Appellate Judge Tom Becker stopped writing this blurb when he found himself at a loss for things to say.
"After doing right by this Army, I'm getting burned by some fine print
in a contract."
Director Kimberly Peirce's debut feature was the exceptional Boys Don't Cry in 1999. Surprisingly, it has taken nine years for her follow-up.
Stop-Loss examines the policy of the US military that, in times of war, a soldier's tour of duty can be extended beyond his or her contractual separation date.
Facts of the Case
Three soldier buddies return to their Texas town after ending their tours of Iraq. Still shaken up over what they saw there—in particular, a bloody ambush that cost some of their comrades' life and limb—they try to settle in and make plans for their post-army future.
Both Steve (Channing Tatum, Step Up) and Tommy (Joseph Gordon-Levitt, Mysterious Skin) are having trouble adjusting to civilian life. Tommy is particularly screwed up, a violent and angry alcoholic whose marriage breaks up within hours of the welcome-home parade.
Brandon (Ryan Phillippe, Flags of Our Fathers), who was the squad leader, is the most eager to put the military behind him and settle down. Unfortunately, on what is supposed to be his last day in the service, he learns he's being deployed back to Iraq, thanks to the "stop-loss" clause in his (and every soldier's) contract.
Brandon cannot face another tour of duty. He's haunted by the death and destruction he's seen and is experiencing flashbacks. The army's position is firm, however: he's going back.
Desperate and running out of time, Brandon decides to go to his local senator and ask for help. Steve's girlfriend, Michelle (Abbie Cornish, Elizabeth: The Golden Age), offers to drive him to DC so he can talk to the senator in person.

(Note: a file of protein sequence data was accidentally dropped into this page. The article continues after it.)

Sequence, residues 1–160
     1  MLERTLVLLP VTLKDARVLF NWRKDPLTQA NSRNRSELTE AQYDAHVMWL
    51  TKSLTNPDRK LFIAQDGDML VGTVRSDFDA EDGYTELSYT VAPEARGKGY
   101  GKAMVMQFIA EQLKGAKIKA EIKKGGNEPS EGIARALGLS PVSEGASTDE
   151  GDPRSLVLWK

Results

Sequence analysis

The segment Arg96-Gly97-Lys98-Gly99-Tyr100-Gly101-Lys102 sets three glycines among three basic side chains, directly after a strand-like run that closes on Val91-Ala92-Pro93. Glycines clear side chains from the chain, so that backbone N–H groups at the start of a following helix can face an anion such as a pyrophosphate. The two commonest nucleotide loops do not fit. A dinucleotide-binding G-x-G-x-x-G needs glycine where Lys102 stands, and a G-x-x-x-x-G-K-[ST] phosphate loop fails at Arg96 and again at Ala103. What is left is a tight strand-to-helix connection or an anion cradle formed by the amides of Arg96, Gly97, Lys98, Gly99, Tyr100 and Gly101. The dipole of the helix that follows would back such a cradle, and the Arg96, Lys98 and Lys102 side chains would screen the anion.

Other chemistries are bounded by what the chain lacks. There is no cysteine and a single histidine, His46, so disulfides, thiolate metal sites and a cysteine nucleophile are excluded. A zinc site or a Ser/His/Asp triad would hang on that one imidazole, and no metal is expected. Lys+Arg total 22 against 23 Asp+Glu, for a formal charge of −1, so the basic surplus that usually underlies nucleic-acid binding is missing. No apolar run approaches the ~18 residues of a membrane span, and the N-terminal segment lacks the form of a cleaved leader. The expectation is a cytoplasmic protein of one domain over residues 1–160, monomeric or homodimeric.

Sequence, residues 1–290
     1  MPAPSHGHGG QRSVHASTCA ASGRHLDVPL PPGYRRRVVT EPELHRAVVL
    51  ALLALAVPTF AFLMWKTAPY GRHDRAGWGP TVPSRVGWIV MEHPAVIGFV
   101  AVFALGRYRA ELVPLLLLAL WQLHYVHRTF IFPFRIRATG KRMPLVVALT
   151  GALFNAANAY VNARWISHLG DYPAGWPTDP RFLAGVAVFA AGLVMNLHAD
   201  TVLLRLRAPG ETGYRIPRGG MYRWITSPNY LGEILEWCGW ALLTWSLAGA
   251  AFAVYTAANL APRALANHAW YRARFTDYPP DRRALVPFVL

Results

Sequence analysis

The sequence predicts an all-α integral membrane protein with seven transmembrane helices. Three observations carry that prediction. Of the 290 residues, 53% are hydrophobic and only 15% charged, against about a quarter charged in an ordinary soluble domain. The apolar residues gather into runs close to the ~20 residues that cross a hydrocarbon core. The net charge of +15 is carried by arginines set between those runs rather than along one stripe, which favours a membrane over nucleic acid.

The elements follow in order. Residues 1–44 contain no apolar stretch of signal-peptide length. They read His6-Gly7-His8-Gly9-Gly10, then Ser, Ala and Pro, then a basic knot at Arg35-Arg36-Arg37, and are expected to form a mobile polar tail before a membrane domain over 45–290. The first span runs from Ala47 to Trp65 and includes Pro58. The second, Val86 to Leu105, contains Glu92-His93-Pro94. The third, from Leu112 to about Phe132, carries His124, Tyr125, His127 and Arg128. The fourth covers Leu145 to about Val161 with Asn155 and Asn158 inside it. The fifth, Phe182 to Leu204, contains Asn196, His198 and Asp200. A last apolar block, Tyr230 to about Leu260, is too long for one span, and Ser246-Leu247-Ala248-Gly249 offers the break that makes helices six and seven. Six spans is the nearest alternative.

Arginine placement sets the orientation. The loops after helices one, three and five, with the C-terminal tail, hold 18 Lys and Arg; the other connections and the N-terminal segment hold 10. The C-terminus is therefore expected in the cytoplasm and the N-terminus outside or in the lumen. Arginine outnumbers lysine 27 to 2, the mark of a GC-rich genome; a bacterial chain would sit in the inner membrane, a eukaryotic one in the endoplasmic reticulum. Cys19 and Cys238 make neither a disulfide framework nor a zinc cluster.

Earnest and well-intended, Stop-Loss seems not so much a movie about war than a movie about movies about war. While the film ostensibly concerns returning Iraq war veterans and the repercussions of the military's stop-loss policy, it is so larded with conventions, contrivances, and clichés that it seems pieced together from a bunch of different scripts.
It starts out well enough. Peirce opens with the ambush, which is effectively bloody and chaotic. Next, we get the guys going home. It's in these scenes that Peirce excels; her depiction of a small Texas town welcoming its heroes is affectionate and accurate, complete with a parade, speeches, and back-slapping from the local senator.
It's at this point that we get to know the main characters, and they are all types we have seen before. Brandon's the guy who shipped out full of idealism and is returning hardened and scarred; Steve's the gung-ho lunk whose life is given purpose by the military; and Tommy's the doomed and damaged loser for whom the army could provide salvation if he can keep his act together enough not to be dishonorably discharged. The only other character—and the only female—of note is Michelle, who is more functional than fleshed out, serving as both sounding board and mouthpiece.
Then Brandon gets his "stop-loss" order, and what started out as a modest, if derivative, war-at-home film becomes a mess of contrivances.
On being told of his redeployment, Brandon curses out a superior officer and gets sent to the stockade. On the way there, he punches out two guards, runs away, steals his friend's jeep, and escapes from the base. Clearly, security at a military base is not all it's cracked up to be.
What follows is even worse: Now AWOL and a fugitive, Brandon decides that his only way out of this mess is to drive from Texas to DC and try to visit the senator who, at the welcome-home ceremony, had made a generic, "Let me know if you need anything" comment. While Brandon might not be savvy enough to understand that this is the verbal equivalent dotting an "i" with a smiley face, certainly his parents (with whom he shares this plan) should be able to explain it to him.